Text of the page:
10 Consider a German bank with a portfolio of credit risks Baa2/Bbb rated with the weighted average coupon (WAC) of LIBOR + 40, weighted average maturity (WAM) of 7.2 years and duration of 5.3 years. The market value of the portfolio is $2.5 billion. The bank contemplates laying off the credit risk of the portfolio over the next reporting period to Bundes Bank by purchasing an over the counter option for 60 days. The annualized premium is 60 basis points. The bank pays an upfront premium of 10 basis points to the protection seller for assuming the credit risk. The protection seller realizes $2.5 million premium for taking the credit risk of the portfolio of 200 obligors in this highly leveraged transaction that is booked in the bank’s trading desk. The protection seller assumes the risk of default in any one of the referenced credits however small in probability of default but substantial in severity of loss. Example

11 Light service de Electricidade Brazil secured a $23 million loan from foreign investors to upgrade electricity services to Rio de Janeiro and the surrounding low-income areas recently. The loan was guaranteed against T&C restrictions and expropriation. Example

12 Transfer & Convertibility Protection Electricidade Brazil Foreign Investor Multi Lateral Investment Guarantee Dividend, interest and Principal $23 million Annual Premium T & C Protection

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15 Investors investing in the emerging market bonds have double exposure to: sovereign risk, as well as the exposure to the U.S. interest rates risk. For example, tightening a sovereign spread as a result of improvement in the sovereign rating increases the value of the Brady bonds, however, rising U.S. interest rates is likely to adversely affect the value of the these bonds other things remaining the same.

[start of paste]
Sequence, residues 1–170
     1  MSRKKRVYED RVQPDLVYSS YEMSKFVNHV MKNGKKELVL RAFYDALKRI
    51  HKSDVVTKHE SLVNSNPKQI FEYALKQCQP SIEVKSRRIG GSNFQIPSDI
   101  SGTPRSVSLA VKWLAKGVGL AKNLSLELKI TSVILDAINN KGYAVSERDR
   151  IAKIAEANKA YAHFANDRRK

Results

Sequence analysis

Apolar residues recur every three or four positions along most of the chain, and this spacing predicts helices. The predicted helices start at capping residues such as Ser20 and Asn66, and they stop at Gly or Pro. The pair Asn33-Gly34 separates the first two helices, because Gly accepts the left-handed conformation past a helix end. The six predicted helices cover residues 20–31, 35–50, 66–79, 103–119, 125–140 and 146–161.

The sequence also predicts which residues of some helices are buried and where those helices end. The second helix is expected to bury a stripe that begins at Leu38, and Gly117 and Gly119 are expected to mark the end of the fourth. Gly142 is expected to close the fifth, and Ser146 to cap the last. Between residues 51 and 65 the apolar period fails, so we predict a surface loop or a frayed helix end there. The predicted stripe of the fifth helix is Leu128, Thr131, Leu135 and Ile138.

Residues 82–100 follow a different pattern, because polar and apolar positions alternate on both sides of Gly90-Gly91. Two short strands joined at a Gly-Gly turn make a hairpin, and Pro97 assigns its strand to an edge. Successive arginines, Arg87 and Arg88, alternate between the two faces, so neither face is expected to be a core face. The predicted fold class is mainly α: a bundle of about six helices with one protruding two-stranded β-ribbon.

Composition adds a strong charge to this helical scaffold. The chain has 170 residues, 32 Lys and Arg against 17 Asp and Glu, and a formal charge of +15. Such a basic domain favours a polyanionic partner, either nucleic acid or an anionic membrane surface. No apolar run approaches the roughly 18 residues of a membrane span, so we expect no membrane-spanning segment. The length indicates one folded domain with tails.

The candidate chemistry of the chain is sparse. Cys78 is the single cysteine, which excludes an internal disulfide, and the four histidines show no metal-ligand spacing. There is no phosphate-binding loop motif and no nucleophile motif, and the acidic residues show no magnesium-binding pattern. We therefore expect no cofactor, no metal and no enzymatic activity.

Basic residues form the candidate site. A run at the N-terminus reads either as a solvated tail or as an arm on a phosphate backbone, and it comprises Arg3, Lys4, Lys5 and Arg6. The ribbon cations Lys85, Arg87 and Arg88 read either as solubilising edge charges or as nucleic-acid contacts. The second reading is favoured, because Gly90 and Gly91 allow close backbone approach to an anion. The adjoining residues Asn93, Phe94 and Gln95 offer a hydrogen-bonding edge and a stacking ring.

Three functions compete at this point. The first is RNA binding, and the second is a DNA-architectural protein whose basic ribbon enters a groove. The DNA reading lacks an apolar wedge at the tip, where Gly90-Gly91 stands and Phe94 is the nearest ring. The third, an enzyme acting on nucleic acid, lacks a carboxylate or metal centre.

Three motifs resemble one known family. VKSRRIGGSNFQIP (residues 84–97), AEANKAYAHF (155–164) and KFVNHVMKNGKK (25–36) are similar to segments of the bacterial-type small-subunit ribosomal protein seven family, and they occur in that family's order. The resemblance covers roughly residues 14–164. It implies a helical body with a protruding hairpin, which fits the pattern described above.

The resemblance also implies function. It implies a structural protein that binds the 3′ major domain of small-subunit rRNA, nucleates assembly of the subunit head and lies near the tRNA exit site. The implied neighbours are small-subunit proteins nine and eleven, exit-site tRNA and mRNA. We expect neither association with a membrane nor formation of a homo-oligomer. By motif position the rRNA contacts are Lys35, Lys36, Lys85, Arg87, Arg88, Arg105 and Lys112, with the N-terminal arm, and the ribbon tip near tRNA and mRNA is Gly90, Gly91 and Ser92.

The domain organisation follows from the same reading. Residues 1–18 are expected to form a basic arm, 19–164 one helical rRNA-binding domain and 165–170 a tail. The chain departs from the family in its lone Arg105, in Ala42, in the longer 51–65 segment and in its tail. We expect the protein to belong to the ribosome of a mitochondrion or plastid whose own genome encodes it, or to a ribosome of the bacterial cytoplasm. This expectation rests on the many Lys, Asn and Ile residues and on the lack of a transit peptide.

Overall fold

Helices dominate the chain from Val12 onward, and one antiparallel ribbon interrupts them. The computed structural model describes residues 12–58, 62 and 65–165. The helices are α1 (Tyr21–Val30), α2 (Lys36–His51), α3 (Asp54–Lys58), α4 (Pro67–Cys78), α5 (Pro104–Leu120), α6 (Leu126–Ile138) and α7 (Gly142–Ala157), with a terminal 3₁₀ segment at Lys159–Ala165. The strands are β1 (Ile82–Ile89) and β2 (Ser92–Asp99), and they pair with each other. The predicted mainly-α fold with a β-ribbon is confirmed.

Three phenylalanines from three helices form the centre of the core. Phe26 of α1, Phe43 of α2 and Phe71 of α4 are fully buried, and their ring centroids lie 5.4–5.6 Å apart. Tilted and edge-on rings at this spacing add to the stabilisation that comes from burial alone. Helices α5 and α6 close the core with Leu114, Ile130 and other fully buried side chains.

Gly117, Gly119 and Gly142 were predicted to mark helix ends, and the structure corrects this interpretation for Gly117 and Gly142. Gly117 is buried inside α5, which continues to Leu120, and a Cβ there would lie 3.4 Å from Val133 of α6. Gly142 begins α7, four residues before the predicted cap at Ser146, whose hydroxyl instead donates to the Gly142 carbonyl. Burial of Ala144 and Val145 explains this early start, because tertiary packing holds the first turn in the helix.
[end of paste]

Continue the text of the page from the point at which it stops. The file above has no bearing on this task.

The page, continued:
16 Tightening or widening credit spreads of Brady bonds over U.S. Treasuries provide opportunities for arbitrage profit. Example:

17 Emerging Market Bonds The financial markets in Eastern Europe, Latin America, and Asia (Japan not included) make up what is known as the emerging markets. The sovereign nations as well as firms in these economies issue mostly dollar denominated and some euro denominated debts to undertake various projects. Like other bonds issued in the major industrial countries these bonds are rated by rating agencies and due to higher credit risk and sovereign risk the yield is at significant spread over the U.S. Treasuries.

18 Problems in Emerging Market Finance Emerging markets economies are plagued with: lack of an orderly secondary market, transparency, higher price volatility, wider bid/ask spread, and the absence of reliable price quotes among other things. The development of an orderly financial market hinges on the ability of the banks, financial institutions, and finance and insurance companies to effectively securitize their financial assets.